I HAVE been flipping through homewares and fashion magazines and while I, like any reader of these magazines, enjoys design and aesthetic ...

I HAVE been flipping through homewares and fashion magazines and while I, like any reader of these magazines, enjoys design and aesthetic beauty, I cringe at the frippery and waste.

One of the reasons I like op shopping is because nothing is truly precious. Whatever sentiment was attached to an object is gone with the passing of the owner, or moment in time fading. I am drawn to engraved watches and jewels, trophies, silver platters and tea settings. I never buy them; their stories don’t belong to me.

My nana turns “things” over regularly. Her daughter, my mum, suggests it’s a throwback to growing up in the Great Depression. In her comparative “wealth” my nan buys the best of what’s available to her. To that end she has been stocking up on beautiful linen and adding her own handmade touch to it.

Her knitted edgings on pillowslips, tablecloths, bathroom towels and other Manchester are precious pieces among her family. They evoke stories and a shared knowing. My mother can set the table and I’ll ask if the work is Nana’s and it’s a nod or “hmmm, yes” and the rest is understood. My sister can phone and ask how to launder the knitting and I know what she’s talking about. My Nana can phone and ask if I got her parcel and I know what she means.

There are secrets in the knitting, little white lies, hunting for cottons and linens (“the ones with a gloss, Kate” or “only 300 count, the others don’t wash as well”) the dragging out of linens for special occasions, to be photographed and sent to Nana for her approval (see, we’re using these things, we love you).

One day, long after I’m gone, these things will be among the piles of once known and loved items on an op shop shelf. They’ll have had their day and may even be sought after as social history pieces or to add to collections of antique textiles – and that’s the way it should be.

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  1. Interesting - I find I attach much more preciousness to thrifted finds than I do to shiny new things. I think it's because I like to find something truly unique, something that was made most likely before I was even born. I like to run my hands over a yellowed linen or fill up an old candy dish and guess at how many others have done the exact same thing. I also know I'll most likely never find anything like it again, and so I'm very careful with these things.

  2. Oh, I know what you mean, but just as I hoard little bits of my great great's, I hope that someone down the line just might have a few remnants of my world - little strings wandering back to the distant past. I hope one of my children might be a hoarder! Is it a trait that is passed on in the genes do you think?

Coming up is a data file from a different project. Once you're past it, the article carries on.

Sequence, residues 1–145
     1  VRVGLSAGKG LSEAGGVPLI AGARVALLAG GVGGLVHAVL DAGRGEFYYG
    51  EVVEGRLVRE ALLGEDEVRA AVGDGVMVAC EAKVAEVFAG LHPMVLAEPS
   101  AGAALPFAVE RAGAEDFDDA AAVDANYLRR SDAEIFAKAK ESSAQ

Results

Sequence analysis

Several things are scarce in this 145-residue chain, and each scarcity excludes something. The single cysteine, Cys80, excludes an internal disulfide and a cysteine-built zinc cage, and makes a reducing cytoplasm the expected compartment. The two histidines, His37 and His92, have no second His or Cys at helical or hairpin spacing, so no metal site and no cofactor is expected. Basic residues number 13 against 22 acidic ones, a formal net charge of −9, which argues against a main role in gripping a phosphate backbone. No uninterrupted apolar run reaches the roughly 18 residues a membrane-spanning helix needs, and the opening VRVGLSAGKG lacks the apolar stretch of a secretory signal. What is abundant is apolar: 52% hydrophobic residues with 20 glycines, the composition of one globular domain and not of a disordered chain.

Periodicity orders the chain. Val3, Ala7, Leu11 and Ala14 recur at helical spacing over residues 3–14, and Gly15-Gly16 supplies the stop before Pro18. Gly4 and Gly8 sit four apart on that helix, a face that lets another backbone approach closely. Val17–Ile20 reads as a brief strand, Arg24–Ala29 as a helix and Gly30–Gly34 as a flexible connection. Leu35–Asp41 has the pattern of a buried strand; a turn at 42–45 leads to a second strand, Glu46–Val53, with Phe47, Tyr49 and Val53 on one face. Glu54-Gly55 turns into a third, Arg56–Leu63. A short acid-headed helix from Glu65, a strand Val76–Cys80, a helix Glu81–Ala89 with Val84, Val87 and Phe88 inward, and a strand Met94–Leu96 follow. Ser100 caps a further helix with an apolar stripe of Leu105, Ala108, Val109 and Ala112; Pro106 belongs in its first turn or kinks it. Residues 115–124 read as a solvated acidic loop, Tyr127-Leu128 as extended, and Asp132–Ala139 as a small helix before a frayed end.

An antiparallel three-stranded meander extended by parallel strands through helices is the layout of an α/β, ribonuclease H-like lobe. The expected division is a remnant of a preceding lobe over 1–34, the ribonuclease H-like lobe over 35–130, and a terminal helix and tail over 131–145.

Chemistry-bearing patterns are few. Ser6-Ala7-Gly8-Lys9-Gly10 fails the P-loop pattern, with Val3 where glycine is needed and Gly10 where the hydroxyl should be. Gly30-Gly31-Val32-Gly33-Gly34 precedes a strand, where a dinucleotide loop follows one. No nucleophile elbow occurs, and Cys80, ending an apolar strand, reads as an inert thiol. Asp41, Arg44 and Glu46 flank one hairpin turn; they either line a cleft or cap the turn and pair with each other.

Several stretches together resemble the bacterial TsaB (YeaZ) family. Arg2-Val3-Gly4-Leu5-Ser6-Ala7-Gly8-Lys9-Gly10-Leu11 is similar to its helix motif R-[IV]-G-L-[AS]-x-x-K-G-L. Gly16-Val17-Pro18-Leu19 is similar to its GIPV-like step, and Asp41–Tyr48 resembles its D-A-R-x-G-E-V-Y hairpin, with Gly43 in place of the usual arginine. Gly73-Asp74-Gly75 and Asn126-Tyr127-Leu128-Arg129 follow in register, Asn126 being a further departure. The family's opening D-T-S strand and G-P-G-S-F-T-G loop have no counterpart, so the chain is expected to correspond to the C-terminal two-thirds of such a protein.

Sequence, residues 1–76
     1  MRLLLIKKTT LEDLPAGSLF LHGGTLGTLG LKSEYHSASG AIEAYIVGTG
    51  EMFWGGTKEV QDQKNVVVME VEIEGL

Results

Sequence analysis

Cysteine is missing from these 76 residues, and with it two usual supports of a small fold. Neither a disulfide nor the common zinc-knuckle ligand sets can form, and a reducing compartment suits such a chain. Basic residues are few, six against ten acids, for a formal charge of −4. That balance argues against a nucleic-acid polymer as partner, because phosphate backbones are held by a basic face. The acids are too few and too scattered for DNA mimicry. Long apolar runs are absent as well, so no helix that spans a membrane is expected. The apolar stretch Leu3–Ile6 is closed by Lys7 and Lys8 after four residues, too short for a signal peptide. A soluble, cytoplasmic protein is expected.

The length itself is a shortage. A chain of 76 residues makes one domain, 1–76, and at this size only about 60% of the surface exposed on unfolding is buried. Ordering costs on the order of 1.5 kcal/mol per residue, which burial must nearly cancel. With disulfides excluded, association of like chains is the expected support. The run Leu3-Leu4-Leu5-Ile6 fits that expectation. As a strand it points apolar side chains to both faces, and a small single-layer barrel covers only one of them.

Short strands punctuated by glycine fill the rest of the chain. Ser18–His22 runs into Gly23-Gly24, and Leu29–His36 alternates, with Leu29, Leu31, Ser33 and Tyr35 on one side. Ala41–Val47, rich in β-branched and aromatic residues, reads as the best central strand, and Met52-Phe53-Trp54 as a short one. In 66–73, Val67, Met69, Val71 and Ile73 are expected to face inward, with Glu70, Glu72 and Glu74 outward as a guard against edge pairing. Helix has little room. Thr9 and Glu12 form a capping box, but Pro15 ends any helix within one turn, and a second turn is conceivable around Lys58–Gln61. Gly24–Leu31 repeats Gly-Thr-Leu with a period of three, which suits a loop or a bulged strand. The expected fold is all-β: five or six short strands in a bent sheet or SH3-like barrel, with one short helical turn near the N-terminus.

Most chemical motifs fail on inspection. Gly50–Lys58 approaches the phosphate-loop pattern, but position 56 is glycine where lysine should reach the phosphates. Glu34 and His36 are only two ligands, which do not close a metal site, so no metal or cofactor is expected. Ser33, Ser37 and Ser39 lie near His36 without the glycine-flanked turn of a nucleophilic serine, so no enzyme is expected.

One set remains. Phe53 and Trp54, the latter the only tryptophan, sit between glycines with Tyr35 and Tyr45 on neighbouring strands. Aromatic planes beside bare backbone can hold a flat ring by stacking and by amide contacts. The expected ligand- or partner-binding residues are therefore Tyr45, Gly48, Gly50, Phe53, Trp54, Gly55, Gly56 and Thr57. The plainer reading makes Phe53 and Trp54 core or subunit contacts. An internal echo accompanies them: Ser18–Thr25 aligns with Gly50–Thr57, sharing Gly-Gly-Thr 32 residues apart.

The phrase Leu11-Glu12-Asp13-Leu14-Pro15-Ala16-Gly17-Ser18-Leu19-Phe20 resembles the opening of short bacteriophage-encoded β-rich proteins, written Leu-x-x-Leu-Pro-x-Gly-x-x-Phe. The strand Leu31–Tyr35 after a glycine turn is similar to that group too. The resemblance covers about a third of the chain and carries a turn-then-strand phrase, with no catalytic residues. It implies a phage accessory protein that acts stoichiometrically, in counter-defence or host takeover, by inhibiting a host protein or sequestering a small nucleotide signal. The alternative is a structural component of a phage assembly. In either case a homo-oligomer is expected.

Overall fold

3. Such an interesting way of looking at op-shopped objects, as objects whose moment as a protagonist has passed. Beautifully expressed piece.

  4. Lovely post. My nana is a little the same, I have a towel set with pretty edges from her : )
    On the oppin front Im a bit like amanda nicole and often think of the little treasures I find as more precious for their uniqueness.
    i do love that an object can have many lives, even after we are gone, or done with them x

    ps i adore mirka too! the wall in the photos is at flinders street station before you cross the yarra to NGV. there is an entrance to slightly crass TAB/pokie like venue right next to it - I think its called clocks/clock tower something like that. you must check it out next time you are in melbs : )

  5. Your precious knits from your Nana will become even more so as the years roll by.
    The pieces my family have that were made by my nana (who died years ago) are just priceless to us. It feels like part of her is still with us.

  6. aww this is such a reflective, beautiful post! thanks for it!

  7. so true ... though i feel sorry for the generation that has to sort through all my crap ...

  8. Thanks for your post. I too had a nana that was somewhat thrifty. I treasure my special opshop finds. I think they are more interesting because they are usually one offs!

  9. ah sweet post. I always feel so lucky when i find something I love at a Op shop, and quite often put something back on the shelf if I think someone may love it more than me. Old treasures deserved to be loved again, especially when they are made or re-worked by a Nana!

    Thank you SO much for your kind comment on my mopey post this week. It really meant alot to me to hear some understanding words. Thank-you!!!!